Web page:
Tjeerd-Pieter van Staa et al in the BMJ: “Better use of large scale health data has the potential to benefit patient care, public health, and research. The handling of such data, however, raises concerns about patient privacy, even when the risks of disclosure are extremely small.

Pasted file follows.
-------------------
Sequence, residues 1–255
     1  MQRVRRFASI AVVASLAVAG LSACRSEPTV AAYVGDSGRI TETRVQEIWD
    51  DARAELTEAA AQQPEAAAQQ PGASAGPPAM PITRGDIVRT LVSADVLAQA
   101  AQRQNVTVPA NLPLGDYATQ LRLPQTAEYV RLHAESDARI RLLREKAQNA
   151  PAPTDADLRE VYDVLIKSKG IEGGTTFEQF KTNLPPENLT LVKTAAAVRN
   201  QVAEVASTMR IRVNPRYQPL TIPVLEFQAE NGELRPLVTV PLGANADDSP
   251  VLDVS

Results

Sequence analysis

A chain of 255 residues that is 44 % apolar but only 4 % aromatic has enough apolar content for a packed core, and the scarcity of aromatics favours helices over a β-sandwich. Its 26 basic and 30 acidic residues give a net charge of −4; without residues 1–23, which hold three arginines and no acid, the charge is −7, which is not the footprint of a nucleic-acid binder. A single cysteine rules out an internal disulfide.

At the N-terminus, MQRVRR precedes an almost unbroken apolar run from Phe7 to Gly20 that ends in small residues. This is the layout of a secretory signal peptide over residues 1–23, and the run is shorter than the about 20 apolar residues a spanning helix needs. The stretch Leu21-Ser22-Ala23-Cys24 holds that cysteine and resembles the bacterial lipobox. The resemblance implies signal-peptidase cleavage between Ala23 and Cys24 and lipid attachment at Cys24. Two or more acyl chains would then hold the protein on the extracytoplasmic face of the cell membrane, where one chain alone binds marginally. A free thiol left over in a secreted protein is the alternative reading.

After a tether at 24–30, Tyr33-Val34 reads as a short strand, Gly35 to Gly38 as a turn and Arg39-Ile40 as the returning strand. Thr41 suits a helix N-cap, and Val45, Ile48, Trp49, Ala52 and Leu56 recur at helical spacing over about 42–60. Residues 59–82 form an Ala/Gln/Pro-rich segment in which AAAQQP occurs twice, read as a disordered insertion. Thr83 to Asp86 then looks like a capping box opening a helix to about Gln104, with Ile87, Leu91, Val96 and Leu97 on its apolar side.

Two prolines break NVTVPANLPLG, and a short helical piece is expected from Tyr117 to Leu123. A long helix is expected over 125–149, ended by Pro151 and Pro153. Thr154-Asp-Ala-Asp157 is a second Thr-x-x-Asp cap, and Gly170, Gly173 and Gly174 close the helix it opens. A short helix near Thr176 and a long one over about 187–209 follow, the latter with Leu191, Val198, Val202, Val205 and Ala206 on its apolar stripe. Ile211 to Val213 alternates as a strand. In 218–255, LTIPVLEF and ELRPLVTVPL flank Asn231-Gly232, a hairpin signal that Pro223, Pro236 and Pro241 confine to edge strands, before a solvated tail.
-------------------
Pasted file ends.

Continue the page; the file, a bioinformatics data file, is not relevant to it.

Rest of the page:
The problems are illustrated by recent English initiatives trying to aggregate and improve the accessibility of routinely collected healthcare and related records, sometimes loosely referred to as “big data.” One such initiative, care.data, was set to link and provide access to health and social care information from different settings, including primary care, to facilitate the planning and provision of healthcare and to advance health science.1 Data were to be extracted from all primary care practices in England. A related initiative, the Clinical Practice Research Datalink (CPRD), evolved from the General Practice Research Database (GPRD). CPRD was intended to build on GPRD by linking patients’ primary care records to hospital data, around 50 disease registries and clinical audits, genetic information from UK Biobank, and even the loyalty cards of a large supermarket chain, creating an integrated data repository and linked services for all of England that could be sold to universities, drug companies, and non-healthcare industries. Care.data has now been abandoned and CPRD has stalled. The flawed implementation of care.data plus earlier examples of data mismanagement have made privacy issues a mainstream public concern. We look at what went wrong and how future initiatives might gain public support….(More)”